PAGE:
12. Teatro RomanoThis 1st century B.C. Roman theatre in the centre of the old town is the oldest and second largest on the Iberian Peninsula. Address: C. Mesón, 11, 13, 11005 Cádiz. Summer opening times (1st April - 30th Sept) Mon - Sat 11.00 - 17.00hrs and Sun 10.00 - 17.00hrs. Winter opening times (1st oct - 31st Mar) Mon - Sat 10.00 - 16.30hrs and Sun 10.00 - 14.00hrs. Closed the first Monday of every month. Entrance is free.
13. Puppet Museum (Museo del Titere)A good family option, it's somewhat interactive and home to puppets from all over the world. Puertas de Tierra, Bóvedas de Santa Elena, s/n, 11006 Cádiz. Open Tues - Sun 10.00 - 21.00hrs. Entrance is free.
14. See the Sunset at San Sebastian CastleThis castle and lighthouse is on a small island with a walkway linking it (even at high tide) to the end of the pier at La Caleta beach. It's said that the father of Zeus, Tronos, had his temple on the island. The lighthouse that you can see today has Moorish foundations and that is just the beginning of this little island's history. P.º Fernando Quiñones, s/n, Cádiz
15. Oratory of San Felipe Neri ChurchHome to one of Murillo’s finest works and one of the few Andalucian Baroque architectural examples of elliptical arches. C. San José, 36, 11003 Cádiz
16. Gran Teatro FallaFor an evening surrounded by 18th century grandeur, check out this Neo-Mudejar theatre in the old town. (See its program here). Pl. Fragela, s/n, 11003 Cádiz
17. CUEVA CATACUMBAS DEL BEATERIOThese catacombs are much less morbid than you’d imagine with an incredible story. Access is six metres under the city through a courtyard in a residential building. C. Valverde, n3, 11004 Cádiz. Catacumbasdelbeaterio.com
18. CarnivalCelebrated just before the beginning of Lent this very lively week-long festival sees everyone take to the streets in fancy dress. There’s traditional music in the form of satire singing groups that you can hear around the streets and at the theatre. Usually during February, 40 days before Easter.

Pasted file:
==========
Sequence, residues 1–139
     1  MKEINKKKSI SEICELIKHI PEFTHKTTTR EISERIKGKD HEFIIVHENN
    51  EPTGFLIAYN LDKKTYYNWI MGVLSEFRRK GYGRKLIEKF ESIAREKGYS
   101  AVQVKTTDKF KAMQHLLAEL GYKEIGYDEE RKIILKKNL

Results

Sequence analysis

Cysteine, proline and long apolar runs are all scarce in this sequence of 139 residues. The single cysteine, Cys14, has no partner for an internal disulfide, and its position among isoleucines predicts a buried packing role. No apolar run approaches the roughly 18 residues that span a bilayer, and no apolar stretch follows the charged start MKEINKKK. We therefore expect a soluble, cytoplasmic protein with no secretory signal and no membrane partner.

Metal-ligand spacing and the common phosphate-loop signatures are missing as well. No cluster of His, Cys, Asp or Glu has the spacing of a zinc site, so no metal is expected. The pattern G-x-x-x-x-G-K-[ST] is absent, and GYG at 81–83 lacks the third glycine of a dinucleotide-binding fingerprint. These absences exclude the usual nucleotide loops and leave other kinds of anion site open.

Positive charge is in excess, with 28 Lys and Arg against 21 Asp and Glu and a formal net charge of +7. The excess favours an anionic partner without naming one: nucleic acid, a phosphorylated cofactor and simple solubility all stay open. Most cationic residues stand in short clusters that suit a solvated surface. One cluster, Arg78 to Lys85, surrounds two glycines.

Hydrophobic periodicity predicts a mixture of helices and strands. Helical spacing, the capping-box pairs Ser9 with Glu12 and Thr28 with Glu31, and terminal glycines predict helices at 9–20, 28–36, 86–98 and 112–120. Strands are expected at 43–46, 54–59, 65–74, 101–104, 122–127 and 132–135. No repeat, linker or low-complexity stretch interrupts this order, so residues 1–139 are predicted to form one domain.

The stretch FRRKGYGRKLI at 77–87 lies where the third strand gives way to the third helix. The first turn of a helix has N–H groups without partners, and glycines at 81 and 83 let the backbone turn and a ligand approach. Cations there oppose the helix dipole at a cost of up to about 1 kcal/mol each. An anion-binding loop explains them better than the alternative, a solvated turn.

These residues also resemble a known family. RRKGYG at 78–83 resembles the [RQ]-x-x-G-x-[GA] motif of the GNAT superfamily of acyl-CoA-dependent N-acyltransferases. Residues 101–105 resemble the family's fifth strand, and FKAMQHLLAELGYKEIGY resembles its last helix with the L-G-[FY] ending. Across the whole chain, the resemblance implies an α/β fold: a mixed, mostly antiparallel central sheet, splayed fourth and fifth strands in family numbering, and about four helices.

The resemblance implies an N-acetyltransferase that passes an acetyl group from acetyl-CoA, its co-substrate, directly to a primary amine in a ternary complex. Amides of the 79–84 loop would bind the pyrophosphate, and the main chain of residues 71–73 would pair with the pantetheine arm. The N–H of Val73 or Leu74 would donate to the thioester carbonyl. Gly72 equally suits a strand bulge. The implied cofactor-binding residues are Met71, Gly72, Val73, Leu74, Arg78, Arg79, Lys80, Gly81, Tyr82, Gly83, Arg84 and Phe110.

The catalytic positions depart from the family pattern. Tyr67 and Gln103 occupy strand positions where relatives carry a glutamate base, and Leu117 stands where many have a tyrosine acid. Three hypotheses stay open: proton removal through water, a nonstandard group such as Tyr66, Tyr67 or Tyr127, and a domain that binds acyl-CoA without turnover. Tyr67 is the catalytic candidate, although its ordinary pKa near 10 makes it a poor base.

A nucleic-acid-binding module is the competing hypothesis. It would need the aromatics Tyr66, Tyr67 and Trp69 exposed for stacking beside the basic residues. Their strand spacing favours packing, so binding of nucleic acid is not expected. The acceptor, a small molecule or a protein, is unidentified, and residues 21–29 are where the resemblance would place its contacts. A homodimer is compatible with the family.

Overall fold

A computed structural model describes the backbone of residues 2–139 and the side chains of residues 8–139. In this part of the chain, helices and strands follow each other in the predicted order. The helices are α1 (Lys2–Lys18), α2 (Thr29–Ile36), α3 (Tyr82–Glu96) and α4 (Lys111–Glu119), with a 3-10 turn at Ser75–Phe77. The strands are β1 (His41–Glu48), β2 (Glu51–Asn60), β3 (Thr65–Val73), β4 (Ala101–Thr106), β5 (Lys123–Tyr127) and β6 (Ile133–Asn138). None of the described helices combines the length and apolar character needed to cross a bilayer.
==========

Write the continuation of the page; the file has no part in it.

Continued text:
19. Walk Around the Old TownTake in the feel of the city by wandering around two distinct areas: El Populo and La Viña, the latter of which is the old fisherman’s area. Don’t miss Plaza Tío de la Tiza and Restaurant El Faro.
20. Casa-Palacio Moreno de MoraA fine example of an Elizabethan-style palace from the 1800s. C. Ancha, 28, 30, 11001 Cádiz. Only open on Wednesdays at 10.00hrs via prior arrangement through this email [email protected]
21. Hospital de MujeresA quick visit of this old hospital and chapel offers a magnificent El Greco painting of St Francis and a rather special central courtyard. C. Hospital de Mujeres, 26, 11001 Cádiz
22. Visit El Puerto DE Santa Maria by BoatCadiz is at the end of a peninsula so there are regular boats going across to the mainland. Take a day trip to El Puerto de Santa Maria – see the sights like the Castle of San Marcos and do some sherry tasting. Port: Av. del Puerto, 2B, 11006 Cádiz Castle of San Marcos, Pl. Alfonso X el Sabio, 3, 11500 El Puerto de Sta María, Cádiz
23. Casa de IberoamericaThis Neoclassic building, once a former prison, is now an event and exhibition space. C. Concepción Arenal, s/n, 11006 Cádiz
Useful InformationHow to get to Cadiz by car From Seville airport 129km 1hr 14min From Malaga airport 225km 2hr 20min From Jerez 34.9km 28min From Gibraltar 118km 1hr 24min From Marbella 177km 1hr 49min Tempted you to discover Cadiz city? Have a look at our selection of villas on the Costa de la Luz. [post_title] => 23 of the Best Things to Do in Cadiz [post_excerpt] => [post_status] => publish [comment_status] => open [ping_status] => open [post_password] => [post_name] => things-to-do-in-cadiz [to_ping] => [pinged] => [post_modified] => 2022-09-13 09:21:25 [post_modified_gmt] => 2022-09-13 09:21:25 [post_content_filtered] => [post_parent] => 0 [guid] => https://theluxuryvillacollection.com/?p=242219 [menu_order] => 0 [post_type] => post [post_mime_type] => [comment_count] => 0 [filter] => raw )  => WP_Post Object ( [ID] => 242167 [post_author] => 5 [post_date] => 2022-07-24 15:17:35 [post_date_gmt] => 2022-07-24 15:17:35 [post_content] => The Alhambra: crowning the city of Granada, this stunningly decorative fortress-palace complex is one of Spain's most instantly recognisable sights. But it's also the country's most visited tourist attraction – and as such probably needs little in the way of introduction (and promotion). So let’s concentrate instead on some of the lesser-known wonders that this fabulous city has to offer. Here then is our pick of the top things to see and do in Granada – that aren't the Alhambra...